Extensive work has been conducted to study the effect of the interphase on the mechanical behavior of particulate-epoxy composites and particulate-reinforced composites by dynamic mechanical testing. However, few studies have focused on the combination of controlled variation of interfacial structure and the effect of the moisture on the mechanical behavior of the composite materials.
In this investigation, dynamic mechanical analysis was used to study the effect of water on the properties of glass bead-epoxy composites with differing degrees of interfacial bonding. The effect of water was assessed by comparing the measured mechanical properties of dry and water-soaked specimens. The specimens types included plain epoxy matrix, composites made with clean glass beads, and composites made with glass beads treated with a silane coupling agent. The dynamic mechanical tests included temperature ramp tests, yielding spectra of storage modulus and loss tangent, and multifrequency tests, yielding master curves and apparent activation energies of molecular relaxation processes.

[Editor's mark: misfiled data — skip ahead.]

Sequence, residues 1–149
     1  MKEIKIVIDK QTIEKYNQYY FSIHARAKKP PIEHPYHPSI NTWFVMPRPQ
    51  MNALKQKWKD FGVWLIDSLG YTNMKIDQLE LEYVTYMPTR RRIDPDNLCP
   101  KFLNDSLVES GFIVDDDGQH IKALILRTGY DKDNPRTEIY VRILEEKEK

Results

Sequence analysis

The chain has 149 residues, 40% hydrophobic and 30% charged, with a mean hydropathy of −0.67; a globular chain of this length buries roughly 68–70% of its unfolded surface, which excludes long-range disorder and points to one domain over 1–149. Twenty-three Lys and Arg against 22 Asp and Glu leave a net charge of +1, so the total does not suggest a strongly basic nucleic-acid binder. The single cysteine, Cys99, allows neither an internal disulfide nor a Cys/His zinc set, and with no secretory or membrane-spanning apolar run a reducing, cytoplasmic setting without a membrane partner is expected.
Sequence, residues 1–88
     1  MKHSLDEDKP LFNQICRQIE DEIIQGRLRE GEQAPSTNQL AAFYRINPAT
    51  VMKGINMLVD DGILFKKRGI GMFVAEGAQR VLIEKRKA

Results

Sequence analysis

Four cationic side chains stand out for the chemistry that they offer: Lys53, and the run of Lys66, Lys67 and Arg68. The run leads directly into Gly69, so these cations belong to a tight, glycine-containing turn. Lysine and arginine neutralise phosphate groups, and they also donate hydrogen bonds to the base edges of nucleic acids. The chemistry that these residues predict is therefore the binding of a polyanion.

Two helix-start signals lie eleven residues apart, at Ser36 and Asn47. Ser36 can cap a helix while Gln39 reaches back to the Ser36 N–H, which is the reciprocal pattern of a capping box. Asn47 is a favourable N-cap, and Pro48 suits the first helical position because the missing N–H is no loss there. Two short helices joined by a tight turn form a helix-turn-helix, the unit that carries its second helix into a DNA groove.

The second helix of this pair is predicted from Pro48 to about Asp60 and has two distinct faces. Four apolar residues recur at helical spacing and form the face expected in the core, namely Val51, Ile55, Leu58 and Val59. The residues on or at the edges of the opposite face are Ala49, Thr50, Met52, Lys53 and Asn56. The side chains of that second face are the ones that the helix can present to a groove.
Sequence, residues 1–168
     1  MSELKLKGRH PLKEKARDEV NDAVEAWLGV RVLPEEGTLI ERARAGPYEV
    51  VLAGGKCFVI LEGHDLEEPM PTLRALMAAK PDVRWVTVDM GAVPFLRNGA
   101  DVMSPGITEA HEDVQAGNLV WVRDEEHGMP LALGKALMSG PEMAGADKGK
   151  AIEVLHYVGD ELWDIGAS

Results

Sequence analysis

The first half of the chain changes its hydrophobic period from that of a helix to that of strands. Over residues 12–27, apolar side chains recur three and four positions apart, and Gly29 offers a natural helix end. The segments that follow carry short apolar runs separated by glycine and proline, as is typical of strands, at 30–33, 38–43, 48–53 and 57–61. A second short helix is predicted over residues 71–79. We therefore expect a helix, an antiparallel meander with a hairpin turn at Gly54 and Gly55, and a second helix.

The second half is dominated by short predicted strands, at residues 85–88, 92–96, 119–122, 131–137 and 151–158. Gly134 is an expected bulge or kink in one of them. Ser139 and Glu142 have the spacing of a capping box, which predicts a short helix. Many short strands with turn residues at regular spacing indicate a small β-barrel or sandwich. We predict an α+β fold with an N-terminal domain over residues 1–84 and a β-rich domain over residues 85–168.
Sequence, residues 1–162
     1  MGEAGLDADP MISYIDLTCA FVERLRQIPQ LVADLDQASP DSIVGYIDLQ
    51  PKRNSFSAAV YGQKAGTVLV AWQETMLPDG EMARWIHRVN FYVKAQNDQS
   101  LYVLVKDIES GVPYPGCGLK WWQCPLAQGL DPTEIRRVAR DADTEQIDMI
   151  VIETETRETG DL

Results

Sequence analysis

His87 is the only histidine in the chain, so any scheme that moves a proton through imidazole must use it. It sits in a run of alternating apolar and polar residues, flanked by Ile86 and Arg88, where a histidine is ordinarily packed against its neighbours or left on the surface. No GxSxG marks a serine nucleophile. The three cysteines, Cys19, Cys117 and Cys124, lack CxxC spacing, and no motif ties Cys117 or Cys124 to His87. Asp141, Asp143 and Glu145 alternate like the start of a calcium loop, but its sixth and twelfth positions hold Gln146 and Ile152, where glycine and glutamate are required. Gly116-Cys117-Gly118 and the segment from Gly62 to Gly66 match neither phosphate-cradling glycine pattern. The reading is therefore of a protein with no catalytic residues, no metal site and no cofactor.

The theoretical background of the dynamic mechanical testing and calculation of the activation energies are reviewed. The results from related studies and their conclusions are also reviewed. Experimental procedures, including the chemical structures of the materials, the procedures for production of the glass bead-epoxy composites, characterization procedures, and the potential sources of the experimental error are described.